Data sharing and how it affects you

Every time we post on social media, download an app or fill in a job application we’re sharing personal data – information that identifies us as individuals. Sharing data can help companies improve customer service or personalise offers but it can also be attractive to fraudsters. So it’s always important to consider what you’re sharing and who with.

A few simple dos and don’ts can help.

Data sharing dos and don’ts

  • DO: protect PINs and bank account log on details. Never write them down or use a PIN that can be guessed easily. We will never ask you for your PIN or password.
  • DO: choose a password that’s secure and change it if you’re worried that someone may have access to it.
  • DO: check your statements regularly and report any suspicious activity.
  • DO: trust your instincts. If something seems too good to be true, it could be a scam. Find out how to identify potential scams.
  • DO: know the signs of a secure website. The most secure sites have a green padlock in the address bar, and https:// at the beginning of the web address when they require personal or financial information. These won’t necessarily appear on pages that don’t request personal or financial information.
  • DO: read the small print to ensure you’re comfortable with how your data will be used.
  • DO: remember, even if you’ve given permission for an organisation to access or store your data, you can always change your mind.
  • DO: be aware of changes affecting data protection. You might find our guides to GDPR and Open Banking useful.
  • DON’T: assume all companies offering financial services are part of the Open Banking system. Check they are on the Open Banking Directory.
  • DON’T: give away personal information too freely. ‘Fun’ social media posts asking you to reply to questions about your first school, favourite holiday, etc., can be phishing exercises.
  • DON’T: forget that fraudsters might pretend to be trusted financial services companies:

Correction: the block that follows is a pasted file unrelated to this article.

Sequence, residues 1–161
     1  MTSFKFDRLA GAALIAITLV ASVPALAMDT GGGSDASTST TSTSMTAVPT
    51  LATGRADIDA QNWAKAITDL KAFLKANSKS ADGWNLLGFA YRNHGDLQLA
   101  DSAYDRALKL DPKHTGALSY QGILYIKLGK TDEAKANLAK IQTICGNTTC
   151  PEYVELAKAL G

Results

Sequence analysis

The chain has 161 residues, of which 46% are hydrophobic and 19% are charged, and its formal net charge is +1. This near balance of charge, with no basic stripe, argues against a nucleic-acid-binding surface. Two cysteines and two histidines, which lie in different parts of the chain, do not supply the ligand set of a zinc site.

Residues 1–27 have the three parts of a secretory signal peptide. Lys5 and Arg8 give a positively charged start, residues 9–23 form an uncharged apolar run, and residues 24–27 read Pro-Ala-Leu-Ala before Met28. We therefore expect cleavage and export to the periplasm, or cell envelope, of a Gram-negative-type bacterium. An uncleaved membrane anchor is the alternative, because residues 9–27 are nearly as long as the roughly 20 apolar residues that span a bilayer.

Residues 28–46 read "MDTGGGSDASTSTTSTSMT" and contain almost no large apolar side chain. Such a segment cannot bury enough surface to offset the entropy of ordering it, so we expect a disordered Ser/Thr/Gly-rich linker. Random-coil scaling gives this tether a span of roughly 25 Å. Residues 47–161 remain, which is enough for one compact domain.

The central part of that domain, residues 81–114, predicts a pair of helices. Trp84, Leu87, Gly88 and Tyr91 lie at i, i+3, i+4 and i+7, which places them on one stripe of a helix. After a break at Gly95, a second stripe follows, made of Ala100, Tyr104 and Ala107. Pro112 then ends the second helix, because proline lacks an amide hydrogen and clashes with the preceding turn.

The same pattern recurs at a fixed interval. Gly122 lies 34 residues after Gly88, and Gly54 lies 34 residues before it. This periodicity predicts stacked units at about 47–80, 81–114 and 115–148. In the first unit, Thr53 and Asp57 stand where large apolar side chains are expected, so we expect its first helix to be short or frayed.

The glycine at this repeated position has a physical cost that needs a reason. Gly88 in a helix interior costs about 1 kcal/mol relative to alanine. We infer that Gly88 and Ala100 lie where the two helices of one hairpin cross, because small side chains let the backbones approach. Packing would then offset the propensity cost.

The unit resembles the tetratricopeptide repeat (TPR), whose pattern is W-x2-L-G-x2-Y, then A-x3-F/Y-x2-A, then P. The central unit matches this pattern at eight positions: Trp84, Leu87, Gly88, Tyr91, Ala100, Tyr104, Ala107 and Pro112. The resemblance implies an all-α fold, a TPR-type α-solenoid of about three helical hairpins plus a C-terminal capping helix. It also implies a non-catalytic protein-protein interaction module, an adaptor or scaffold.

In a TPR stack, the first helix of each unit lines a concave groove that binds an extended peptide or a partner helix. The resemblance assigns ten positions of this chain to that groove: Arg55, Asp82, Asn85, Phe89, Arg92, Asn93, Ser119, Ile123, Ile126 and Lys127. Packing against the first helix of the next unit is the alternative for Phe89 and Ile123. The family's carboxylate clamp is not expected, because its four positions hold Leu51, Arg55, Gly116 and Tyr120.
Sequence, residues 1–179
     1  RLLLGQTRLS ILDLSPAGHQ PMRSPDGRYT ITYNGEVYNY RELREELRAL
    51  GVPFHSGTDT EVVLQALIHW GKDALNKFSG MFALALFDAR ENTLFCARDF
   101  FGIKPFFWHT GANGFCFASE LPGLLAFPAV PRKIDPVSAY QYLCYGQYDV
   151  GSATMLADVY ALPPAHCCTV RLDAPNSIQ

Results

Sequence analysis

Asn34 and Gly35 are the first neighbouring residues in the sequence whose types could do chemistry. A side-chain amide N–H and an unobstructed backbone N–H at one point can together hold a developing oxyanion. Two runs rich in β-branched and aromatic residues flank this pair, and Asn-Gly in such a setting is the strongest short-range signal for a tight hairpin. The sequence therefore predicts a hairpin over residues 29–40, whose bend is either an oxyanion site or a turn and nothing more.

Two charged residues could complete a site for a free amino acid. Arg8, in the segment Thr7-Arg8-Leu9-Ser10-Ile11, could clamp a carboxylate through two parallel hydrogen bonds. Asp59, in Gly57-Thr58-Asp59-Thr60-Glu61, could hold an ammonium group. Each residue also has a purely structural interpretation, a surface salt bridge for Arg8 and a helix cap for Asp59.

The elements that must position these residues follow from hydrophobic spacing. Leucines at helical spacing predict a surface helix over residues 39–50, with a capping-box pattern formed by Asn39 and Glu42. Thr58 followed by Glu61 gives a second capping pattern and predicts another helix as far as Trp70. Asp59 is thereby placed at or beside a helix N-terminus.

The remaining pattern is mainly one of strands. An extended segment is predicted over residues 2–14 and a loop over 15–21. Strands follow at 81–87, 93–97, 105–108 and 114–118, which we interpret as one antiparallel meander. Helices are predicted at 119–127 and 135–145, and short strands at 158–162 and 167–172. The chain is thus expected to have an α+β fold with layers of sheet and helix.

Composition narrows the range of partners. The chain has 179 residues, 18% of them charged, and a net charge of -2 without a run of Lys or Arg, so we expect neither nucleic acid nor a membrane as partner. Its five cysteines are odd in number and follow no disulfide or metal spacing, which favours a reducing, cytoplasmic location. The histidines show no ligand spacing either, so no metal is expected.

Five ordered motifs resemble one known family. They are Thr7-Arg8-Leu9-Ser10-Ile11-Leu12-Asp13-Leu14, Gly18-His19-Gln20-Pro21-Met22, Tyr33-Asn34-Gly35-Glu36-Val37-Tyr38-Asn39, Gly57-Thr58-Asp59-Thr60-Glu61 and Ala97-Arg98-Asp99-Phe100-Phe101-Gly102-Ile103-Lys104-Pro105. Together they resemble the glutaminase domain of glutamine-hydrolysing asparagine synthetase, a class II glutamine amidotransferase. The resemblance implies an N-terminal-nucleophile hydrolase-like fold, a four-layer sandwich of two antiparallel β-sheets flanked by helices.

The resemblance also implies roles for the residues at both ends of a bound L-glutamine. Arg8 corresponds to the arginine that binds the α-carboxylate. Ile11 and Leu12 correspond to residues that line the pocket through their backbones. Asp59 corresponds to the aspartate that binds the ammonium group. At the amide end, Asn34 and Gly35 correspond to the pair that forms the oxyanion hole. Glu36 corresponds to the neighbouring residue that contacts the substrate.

What’s changed?

The good news is that a new law – known as GDPR – came into force this year. It’s designed to better protect you and give you more control over your data.

Another change is Open Banking, which aims to make the financial services industry more competitive and give consumers access to innovative products and services. It provides a new way to share personal financial information with organisations other than your bank – if you decide you want to.

How we keep your data safe

At Lloyds Bank we’re committed to protecting your data. We respect your privacy and work hard to ensure we meet strict regulatory requirements, as we always have. You can find out more about how our state-of-the-art anti-fraud systems keep you safe here.

It’s important to know there are also some things we never do:

  • Lloyds Bank will never ask you to share your Internet Banking password, log on details or PIN.
  • Lloyds Bank will never contact you to request that you transfer money into another account.

If you’re in any doubt about whether an email, text message or phone call is really from us, don’t share any information and don’t click on any links. And if you think you’ve been approached by a fraudster, here’s how to report it.